I think that people who are alive because of the “$475,000 cancer treatment” are happy to be alive, and their families are happy that they are alive. I hope that someday my science will be the source of such joy for patients and their families.
I am grateful to CIRM for the funding that got me this far..but I have to take it from here.
I may have said this before…a few hundred times, but I’ll say it again: CIRM’s most important contribution was to establish an infrastructure, a critical mass of stem cell knowledge. Like all investments in new ideas, it was a risk; not all of the money was spent wisely. New technology is difficult to establish, and no matter how great an idea seems to be, research fails, therapies fail, companies fail.
I see a parallel with the NIH’s human genome project that put billions of dollars between 1990 and 2003 into deciphering the human genome. There were many people who thought that was a bad investment at the time, with no obvious pay off in the short term. But the 13 years of investment in the human genome project created a critical mass of scientists who went on to use genomics to cure disease. The cancer therapies that are now saving so many lives could not have been imagined without the infrastructure built by the human genome project. The most powerful genome-based therapy, cancer immunotherapy, was approved by the FDA in 2017.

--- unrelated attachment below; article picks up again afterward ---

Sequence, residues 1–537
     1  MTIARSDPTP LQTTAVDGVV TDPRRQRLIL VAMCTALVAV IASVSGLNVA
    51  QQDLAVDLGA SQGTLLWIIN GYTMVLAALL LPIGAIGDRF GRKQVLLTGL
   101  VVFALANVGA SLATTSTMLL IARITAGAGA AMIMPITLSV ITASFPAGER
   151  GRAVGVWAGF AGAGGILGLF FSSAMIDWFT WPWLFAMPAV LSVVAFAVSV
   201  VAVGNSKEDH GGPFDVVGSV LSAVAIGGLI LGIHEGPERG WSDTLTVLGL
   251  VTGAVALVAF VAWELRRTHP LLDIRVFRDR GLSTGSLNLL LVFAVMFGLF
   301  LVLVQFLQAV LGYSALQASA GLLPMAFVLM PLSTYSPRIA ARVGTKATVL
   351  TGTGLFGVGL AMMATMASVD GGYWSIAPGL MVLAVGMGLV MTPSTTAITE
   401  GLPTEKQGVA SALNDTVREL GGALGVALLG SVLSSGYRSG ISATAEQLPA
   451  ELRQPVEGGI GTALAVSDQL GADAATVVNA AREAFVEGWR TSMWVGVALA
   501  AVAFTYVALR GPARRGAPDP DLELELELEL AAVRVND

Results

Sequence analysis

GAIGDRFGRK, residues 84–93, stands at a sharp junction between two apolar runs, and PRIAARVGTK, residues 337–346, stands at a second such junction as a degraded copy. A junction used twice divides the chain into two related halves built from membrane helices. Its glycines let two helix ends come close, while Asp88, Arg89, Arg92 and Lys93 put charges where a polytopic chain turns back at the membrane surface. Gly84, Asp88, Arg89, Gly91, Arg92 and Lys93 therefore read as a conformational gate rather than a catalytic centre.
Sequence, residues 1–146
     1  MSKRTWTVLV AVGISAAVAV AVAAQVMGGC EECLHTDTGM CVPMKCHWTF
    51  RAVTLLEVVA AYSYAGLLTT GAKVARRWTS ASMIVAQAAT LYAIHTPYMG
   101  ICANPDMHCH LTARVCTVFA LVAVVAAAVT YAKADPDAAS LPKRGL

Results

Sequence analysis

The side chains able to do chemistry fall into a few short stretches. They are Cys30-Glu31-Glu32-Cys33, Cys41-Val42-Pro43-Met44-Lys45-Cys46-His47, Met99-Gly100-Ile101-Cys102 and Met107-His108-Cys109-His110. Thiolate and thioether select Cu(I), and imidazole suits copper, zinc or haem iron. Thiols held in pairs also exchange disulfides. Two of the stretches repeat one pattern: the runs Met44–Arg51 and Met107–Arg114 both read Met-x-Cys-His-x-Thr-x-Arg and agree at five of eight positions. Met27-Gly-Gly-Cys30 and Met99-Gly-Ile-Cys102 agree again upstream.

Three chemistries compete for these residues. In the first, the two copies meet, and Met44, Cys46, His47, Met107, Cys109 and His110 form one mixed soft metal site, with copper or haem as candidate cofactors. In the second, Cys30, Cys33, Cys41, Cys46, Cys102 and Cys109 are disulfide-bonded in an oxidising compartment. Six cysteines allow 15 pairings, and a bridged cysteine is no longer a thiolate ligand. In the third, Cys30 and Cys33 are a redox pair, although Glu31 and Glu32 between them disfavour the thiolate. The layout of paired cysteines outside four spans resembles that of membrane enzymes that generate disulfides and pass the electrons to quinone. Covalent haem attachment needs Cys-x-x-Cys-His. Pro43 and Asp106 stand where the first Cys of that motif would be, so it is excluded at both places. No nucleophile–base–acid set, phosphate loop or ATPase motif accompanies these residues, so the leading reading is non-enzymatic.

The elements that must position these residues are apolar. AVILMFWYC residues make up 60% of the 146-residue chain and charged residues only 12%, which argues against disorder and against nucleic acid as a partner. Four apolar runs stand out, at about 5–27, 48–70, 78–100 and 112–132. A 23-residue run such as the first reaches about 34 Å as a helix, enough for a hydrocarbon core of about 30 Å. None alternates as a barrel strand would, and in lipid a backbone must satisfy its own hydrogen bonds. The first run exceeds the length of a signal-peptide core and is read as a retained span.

In my own case, 13 years of CIRM’s investment in infrastructure worked. I built a thriving lab with CIRM funding, and when I decided to pursue a a stem cell-based therapy, my team’s work was so well established and respected that we obtained investment to start a biotech company to take the therapy to the clinic.
This approach works. It just takes time. Right now is the time that it is beginning to pay off.
That’s a pretty cozy deal. Taxpayers give CIRM money to develop treatments for diseases like Parkinson’s, Alzheimer’s, MS and ALS. Academic researchers use any promising technology they happen to develop to raise venture capital for private companies in which they own stakes to commercialize it for huge profits. This amounts to risk-free venture capital provided by the government. If it works, great. Start a private company. If not, who cares? Just get another grant and try something else. Nothing to see here. This is not to mention all the questionable grants CIRM made to insiders, which has been well documented over the past decade.